These extraodinary paintings and pictures are part of an exhibition that takes a look at 19th century girls from paintings, sculptures, prints and photographs. It is a display of how artists participated in the artistic and social evolution of girlhood, while sharing the dreams and fears that the adults felt for the children of that period.  Depicting girls as angels and domestic, it explores images of females as tomboys and working class children.

                                                    Odestry & Innocence

                                          Marion Harland
                                                 "Daughters: or Commons Sense for Maid, Wife &
                                                  Mother", 1882 (best selling novel)
Harland was an American author who was a best seller of biographies, novels, short stories and essays.  She specialized in women fictional books and homemaking and cookbooks.  "Common Sense in th Household:Manual Practical Housewifery" was a book she became well known for.  She went blind in her 90's, but published her last novel in 1919. A true pioneer for women in the 19th century.

                                       Artist, Erastus Salisbury Field 
                                  "Mrs. Paul Smith Palmer and her twins"

This painting depicts the child on Mrs. Palmer's lap who is the girl, although the boy is wearing a dress also.  There is no modeling of the children or the mother and the feet of the child sitting is drawn incorrectly purposely, as well as the mother's left hand. Clearly the mother is not holding the child with both hands. Typical photo of mother and children.

                                      Artist, William Henry Lippincott
                                                            "Childish Thoughts", 1895

This is a material cultural painting. Model scared for posing for what an artist is admired for which is societal art set in a puritan idea.

                                       Artist, Abbott Handerson Thayer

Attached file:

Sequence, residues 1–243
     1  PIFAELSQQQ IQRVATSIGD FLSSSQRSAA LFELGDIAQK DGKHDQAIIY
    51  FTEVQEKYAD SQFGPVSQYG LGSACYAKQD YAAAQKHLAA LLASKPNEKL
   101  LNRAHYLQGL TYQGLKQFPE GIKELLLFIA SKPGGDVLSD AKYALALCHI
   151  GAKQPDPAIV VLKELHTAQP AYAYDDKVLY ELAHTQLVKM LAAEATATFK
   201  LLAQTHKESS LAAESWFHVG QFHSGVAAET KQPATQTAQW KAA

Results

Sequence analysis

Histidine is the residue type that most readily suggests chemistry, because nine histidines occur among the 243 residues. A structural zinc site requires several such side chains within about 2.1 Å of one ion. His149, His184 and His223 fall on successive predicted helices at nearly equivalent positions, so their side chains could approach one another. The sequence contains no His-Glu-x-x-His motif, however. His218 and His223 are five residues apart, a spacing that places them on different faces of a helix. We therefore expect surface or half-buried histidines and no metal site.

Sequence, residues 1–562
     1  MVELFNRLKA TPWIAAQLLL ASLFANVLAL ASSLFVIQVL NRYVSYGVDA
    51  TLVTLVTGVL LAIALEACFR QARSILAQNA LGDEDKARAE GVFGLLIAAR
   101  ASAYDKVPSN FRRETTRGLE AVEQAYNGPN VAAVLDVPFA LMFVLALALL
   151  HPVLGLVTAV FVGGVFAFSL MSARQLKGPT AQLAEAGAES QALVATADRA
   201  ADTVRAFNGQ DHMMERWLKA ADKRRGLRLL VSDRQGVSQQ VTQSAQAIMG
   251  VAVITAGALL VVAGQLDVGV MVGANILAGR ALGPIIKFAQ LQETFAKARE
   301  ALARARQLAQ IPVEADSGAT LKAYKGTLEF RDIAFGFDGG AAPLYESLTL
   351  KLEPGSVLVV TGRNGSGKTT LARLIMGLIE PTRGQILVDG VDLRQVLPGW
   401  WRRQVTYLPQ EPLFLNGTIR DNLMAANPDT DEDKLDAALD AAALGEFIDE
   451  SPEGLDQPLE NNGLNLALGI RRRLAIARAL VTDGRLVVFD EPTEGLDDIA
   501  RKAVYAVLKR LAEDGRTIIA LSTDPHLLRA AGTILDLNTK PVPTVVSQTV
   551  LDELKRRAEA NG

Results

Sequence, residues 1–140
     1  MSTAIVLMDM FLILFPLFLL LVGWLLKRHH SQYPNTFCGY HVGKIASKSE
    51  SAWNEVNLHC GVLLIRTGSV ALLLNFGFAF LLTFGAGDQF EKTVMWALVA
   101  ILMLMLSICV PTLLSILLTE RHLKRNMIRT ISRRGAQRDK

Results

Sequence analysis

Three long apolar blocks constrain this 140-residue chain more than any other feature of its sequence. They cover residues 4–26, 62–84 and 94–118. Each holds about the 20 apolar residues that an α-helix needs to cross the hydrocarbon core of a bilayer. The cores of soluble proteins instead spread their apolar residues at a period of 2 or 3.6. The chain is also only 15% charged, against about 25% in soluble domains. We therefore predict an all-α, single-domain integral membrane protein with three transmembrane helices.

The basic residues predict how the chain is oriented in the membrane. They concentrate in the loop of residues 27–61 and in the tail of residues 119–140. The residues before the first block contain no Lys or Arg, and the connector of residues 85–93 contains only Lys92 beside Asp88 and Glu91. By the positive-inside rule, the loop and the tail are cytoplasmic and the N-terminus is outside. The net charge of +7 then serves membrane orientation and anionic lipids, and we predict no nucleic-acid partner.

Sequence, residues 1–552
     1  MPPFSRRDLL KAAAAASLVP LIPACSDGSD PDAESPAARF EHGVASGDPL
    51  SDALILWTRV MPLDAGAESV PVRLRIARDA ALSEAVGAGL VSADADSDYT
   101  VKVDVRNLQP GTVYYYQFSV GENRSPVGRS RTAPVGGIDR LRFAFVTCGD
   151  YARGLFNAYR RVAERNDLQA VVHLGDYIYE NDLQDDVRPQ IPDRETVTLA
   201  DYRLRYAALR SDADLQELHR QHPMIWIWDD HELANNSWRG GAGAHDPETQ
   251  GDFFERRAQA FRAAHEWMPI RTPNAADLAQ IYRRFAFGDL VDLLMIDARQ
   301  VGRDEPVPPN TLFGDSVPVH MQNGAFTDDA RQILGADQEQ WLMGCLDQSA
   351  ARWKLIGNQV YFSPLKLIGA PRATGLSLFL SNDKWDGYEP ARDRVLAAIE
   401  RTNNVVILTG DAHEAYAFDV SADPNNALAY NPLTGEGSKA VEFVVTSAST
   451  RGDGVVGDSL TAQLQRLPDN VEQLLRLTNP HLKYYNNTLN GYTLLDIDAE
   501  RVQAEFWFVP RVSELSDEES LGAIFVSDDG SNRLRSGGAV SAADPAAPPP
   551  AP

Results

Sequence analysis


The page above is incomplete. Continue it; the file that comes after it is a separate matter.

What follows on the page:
"Angel", 1887

This painting is an idea figure of a woman being portrayed in a virtuous way, wearing a flowing white dress or blouse with angel wings and feathers attached.  Artist sometimes mixed dirt in his paint for a different texture.

                                        Artist, Louisa May Alcott
                                         "Little Women", 1868-69

Paintings and novel follows the life, love and family problems of four sisters growing up during the Civil War. Set in Massachusettes, it is based on Alcott's childhood.

"Mother said real flowers were the prettiest ornaments, for young girls." 
by Alcott

Works Cited,or.r_gc.r_pw.r_cp.r_qf.&fp=ee40912ea7ea8986&bpcl=38897761,or.r_gc.r_pw.r_cp.r_qf.&fp=ee40912ea7ea8986&bpcl=38897761&biw=1525&bih=694,or.r_gc.r_pw.r_cp.r_qf.&fp=ee40912ea7ea8986&bpcl=38897761&biw=1525&bih=694,or.r_gc.r_pw.r_cp.r_qf.&cad=b&sei=ibe2UKvZOsSq0AGwm4DAAg,or.r_gc.r_pw.r_cp.r_qf.&fp=fb06bac3926ed0b9&bpcl=38897761&biw=1525&bih=694

Channeling Emotions Through Art

Christine de Pizan, Artemisia Gentileschi, Frida Kahlo, Claude Cahun, and Kara Walker are well-known aritists who chose art as a medium to illustrate their emotions and their beliefs. Some of these women, like Christine de Pizan, Artemisia Gentileschi, and Frida Kahlo were lucky to get exposed art and education because they were either into a wealthy family or their father or husband was a painter. Others, like Claude Cahun and Kara Walker were either inspired by their father or wanted to make a statement. Nonetheless, they all challenged men, pain, and societal norms in one way or another through the form of art.

Christine de Pizan was one the most famous women writers of the Middle Ages. She was born into a wealthy family from Italy. Her father, Thomas Pezano played a huge role in shaping her education as she was growing up. She was able to read and write as well as getting exposed to other areas of education like philosophy and Latin that were originally taught to men. She had strong belief in the equal rights of women. She wrote Cité des Dames (City of Ladies) in response to Boccaccio's De Claris Mulieribus. Boccaccio believed that women were talent-less and that it was very rare to find women who had talent. Pizan went on to refute his remarks by creating City of Ladies to challenge him. According to Chadwick, City of Ladies was based on a metaphorical city in which great women lived safe from slanders of men (35). Within the text, Pizan offered evidence of women's great achievements and was able to use examples to prove her point against Boccaccio. (Her point being that women are capable of being talented.) City of Ladies was a "defense of women in the face of centuries of misogynist writings" (36).

In this painting from the Book of City of Ladies portrays women being at work and taking charge.

Artemisia Gentileschi, 1630s

Judith Slaying Holofernes, 1620